Kenya’s energy system is currently dominated with traditional biomass mostly used for cooking. 2019 data shows traditional biomass at nearly 70%, charcoal at 42%, LPG at 30% and electric cooking at only 2.8%., While the primary energy is mostly composed of renewables, when excluding biomass which has severe impacts, the share of other renewables reached around 16% in 2017. Paris compatible pathways indicate that although the country would need to maintain LLP, a high level of renewables there will be needed to shift from traditional biomass, reducing its share from around 64% in 2017 by about a third in 2030 and by half by 2040. This can be achieved by increasing energy access and the deployment of electric cooking in households.
The transport sector is also reliant on oil for vehicles and industrial operations as well as in the aviation sector thus the MTPIII, Energy Policy and NCCAP have outlined non-motorised transport, bus-rapid transit, fuel-efficient vehicles, promotion of electric vehicles as well as fuel efficiency in aviation as ways to reduce emissions in this sector.,,, Focus on mass transit, electric vehicles and non-motorised transit will be key in achieving the set targets in this sector.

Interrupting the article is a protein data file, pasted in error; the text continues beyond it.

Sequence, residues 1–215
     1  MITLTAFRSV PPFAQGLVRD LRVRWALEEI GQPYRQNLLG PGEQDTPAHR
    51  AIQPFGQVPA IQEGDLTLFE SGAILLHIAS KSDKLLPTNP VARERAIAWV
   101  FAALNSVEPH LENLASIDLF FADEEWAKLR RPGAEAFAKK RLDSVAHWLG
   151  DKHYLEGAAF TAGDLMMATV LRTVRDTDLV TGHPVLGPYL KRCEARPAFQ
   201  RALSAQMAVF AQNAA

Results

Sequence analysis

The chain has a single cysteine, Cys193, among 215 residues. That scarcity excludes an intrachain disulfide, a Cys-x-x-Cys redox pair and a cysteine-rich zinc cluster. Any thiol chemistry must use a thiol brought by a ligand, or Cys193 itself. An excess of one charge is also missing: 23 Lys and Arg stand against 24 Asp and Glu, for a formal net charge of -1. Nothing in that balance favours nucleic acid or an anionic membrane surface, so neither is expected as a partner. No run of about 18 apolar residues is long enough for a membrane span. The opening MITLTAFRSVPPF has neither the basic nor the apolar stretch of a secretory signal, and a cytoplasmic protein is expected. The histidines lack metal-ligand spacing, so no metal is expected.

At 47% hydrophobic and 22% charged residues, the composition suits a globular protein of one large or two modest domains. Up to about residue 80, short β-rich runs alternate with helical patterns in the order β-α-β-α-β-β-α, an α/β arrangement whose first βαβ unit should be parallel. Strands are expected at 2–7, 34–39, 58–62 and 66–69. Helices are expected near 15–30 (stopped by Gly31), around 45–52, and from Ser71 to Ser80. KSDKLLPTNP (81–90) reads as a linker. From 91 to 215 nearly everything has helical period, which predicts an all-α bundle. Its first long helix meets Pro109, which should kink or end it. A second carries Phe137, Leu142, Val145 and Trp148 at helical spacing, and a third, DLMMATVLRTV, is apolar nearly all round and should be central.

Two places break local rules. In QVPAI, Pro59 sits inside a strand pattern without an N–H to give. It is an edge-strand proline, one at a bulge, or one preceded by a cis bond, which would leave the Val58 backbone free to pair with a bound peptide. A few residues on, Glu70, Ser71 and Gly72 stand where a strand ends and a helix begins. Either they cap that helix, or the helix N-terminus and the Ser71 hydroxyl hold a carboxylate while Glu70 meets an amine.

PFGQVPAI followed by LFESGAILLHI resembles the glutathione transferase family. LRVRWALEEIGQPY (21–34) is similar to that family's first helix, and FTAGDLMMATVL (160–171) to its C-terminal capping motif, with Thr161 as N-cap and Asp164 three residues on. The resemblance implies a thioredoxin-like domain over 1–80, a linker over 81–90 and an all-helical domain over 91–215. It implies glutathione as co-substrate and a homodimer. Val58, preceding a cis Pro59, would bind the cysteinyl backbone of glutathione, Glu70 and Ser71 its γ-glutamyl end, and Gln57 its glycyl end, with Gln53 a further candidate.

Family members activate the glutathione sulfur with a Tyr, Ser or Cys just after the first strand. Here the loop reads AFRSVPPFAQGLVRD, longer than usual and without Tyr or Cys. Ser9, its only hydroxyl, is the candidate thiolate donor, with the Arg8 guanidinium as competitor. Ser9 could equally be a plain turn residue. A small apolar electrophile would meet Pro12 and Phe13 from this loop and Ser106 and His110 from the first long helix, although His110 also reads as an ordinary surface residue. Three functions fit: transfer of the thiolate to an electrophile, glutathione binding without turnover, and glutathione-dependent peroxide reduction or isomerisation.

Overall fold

Kenya’s NDC envisages the use of fossil fuels to achieve universal energy access unless international finance is provided to bridge the gap through further development of renewable energy sources.,, This stands at odds with its abundant renewable energy resources, especially as one of the countries with the most advanced geothermal generating capacity which it plans to increase by about 123% from the current 860 MWe with an additional 1065 MWe by 2030.
As of 2019, 84% of Kenyans had access to electricity. The MTP III and Energy Policy set out to achieve universal access by 2030. This will enable transformation to clean cooking especially electric cooking provided awareness, reliability and other underlying factors are addressed.,